As an adult, I remain fascinated by Ms. Jeanne d’Arc — and so I got a Joan of Arc tattoo, which was a stupid idea, for me to get a tattoo like that. (Although any tattoo is a stupid idea if you think about it for too long.) My tattoo is of the Cross of Lorraine, which is the symbol for Joan of Arc. It’s probably good that I don’t live in France, because soon after I got this tattoo, I learned that the Cross of Lorraine is also a fascist symbol in France. (It’s also probably good that I don’t live in France… because the only two French words that I know are “bonjour” and “oeufs,” which means that I could only ever say “Hello, eggs!” over and over again.)

Another thing that I have learned about Joan of Arc is this — if you’re obsessed with her as a kid, it’s supposed to be an indicator that you’re going to turn out gay. (It makes sense if you think about it; cross-dressing, martyrdom, etc…) I did not turn out gay, although I have always felt that this was a mistake on my part. Certainly, I would be better at being a gay dude — if only by default — than I am at being a heterosexual.


The one and only time that people thought that I was a genius was when I was four years old. When I was four, I could draw pictures of cubes and houses and things in perfect three-dimensional perspective, and for two weeks my parents were thrilled: “Our little Oliver is a savant-level GENIUS at drawing!” etc… There was, however, a sadder and more realistic explanation. My dad is an architect, and I was just copying the pictures that were on his drafting board. So much for that.

As a kid, I was obsessed with writing and drawing, but I quickly hit a wall, wherein my writing improved, but my drawing did not. So I can still draw really well… for an eight-year-old. The things that I can actually draw are the following: a dog; a bunny; a flower; the face of a pretty girl. Anything else, and the results are not pretty, and will definitely not be appearing on my mom’s refrigerator anytime soon.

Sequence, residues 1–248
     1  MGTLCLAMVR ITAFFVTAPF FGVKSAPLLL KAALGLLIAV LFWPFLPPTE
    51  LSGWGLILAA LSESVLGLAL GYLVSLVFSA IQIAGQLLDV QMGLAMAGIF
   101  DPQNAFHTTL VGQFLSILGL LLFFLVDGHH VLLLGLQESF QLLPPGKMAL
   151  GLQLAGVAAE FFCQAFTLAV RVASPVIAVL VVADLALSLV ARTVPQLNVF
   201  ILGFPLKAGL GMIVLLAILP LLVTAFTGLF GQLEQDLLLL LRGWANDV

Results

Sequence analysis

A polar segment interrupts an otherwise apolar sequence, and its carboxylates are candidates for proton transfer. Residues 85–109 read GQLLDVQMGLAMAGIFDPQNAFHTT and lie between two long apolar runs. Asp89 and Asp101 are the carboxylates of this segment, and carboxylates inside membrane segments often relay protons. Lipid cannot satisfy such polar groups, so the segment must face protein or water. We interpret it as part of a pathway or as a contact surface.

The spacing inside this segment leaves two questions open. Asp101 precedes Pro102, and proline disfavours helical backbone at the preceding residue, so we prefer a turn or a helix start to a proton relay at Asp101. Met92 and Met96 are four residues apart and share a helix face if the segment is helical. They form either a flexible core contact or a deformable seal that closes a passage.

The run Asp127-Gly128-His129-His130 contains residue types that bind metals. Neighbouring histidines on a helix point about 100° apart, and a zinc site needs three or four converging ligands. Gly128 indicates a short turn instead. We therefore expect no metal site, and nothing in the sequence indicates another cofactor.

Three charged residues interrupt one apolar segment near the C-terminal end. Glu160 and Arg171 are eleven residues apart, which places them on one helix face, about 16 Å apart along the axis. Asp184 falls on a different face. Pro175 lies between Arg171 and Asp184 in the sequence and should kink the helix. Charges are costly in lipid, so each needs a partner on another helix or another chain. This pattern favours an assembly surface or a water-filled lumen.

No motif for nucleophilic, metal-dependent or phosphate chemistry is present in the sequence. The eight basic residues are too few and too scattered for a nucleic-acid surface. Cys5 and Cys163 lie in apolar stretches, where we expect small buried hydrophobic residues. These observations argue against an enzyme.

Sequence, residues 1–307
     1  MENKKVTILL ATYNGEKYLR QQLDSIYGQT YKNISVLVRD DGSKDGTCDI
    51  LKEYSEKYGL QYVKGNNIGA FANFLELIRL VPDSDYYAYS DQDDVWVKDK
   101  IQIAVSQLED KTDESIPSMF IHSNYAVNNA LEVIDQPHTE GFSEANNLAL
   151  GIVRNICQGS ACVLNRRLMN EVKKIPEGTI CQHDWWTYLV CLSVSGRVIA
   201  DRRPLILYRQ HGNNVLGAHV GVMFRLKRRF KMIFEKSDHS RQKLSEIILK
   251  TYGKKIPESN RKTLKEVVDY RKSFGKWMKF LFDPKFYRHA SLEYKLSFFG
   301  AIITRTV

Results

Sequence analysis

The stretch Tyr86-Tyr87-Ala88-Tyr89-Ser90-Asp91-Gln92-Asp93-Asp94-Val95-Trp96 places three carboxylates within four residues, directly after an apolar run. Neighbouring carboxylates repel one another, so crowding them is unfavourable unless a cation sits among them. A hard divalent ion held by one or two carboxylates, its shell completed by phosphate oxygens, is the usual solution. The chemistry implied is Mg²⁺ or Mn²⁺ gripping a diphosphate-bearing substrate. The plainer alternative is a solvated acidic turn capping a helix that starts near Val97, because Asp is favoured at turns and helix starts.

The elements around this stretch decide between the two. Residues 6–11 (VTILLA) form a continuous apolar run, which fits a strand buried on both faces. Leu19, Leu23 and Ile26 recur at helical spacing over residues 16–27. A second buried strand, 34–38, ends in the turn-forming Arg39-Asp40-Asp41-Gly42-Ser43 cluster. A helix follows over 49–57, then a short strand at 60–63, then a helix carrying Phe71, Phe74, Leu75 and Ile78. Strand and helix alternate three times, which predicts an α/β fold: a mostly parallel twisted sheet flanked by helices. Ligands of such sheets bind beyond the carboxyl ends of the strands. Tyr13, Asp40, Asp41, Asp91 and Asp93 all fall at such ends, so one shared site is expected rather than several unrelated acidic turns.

Comic books:

This is the only one of my obsessions to bear any fruit. Comic books essentially taught me how to read, and they no doubt taught me how to write. Comics taught me about plot structure; they taught me about climaxes and angst and continued story-lines. They also did wonders for my vocabulary. Thanks to comics, I now know what an “exo-skeleton” is and what “slumgullion” is (hint: it’s a type of stew). Comics taught me what “invulnerable” and “omnipotent” and “telepathic” mean; it is due to comics that I am in any way smart. I became a writer because I wanted to write comic books, and though my drawing remains stuck at a shitty level, my love for writing continues.

As a kid, I had over four thousand comic books. They were all neatly alphabetized and placed in order of publication, and were safely kept inside acid-free pouches, which were themselves placed within acid-free boxes. I had heard sad stories from my dad about how he threw all his (now-valuable) comics out when he was a teenager; I was determined not to make the same mistake.

And indeed, I didn’t make the same mistake. I had all of my comics until I turned twenty-nine. Then I moved to New Orleans. Then my house got hit by Hurricane Katrina. Ahem. Farewell, Oh four thousand neatly-packed comic books!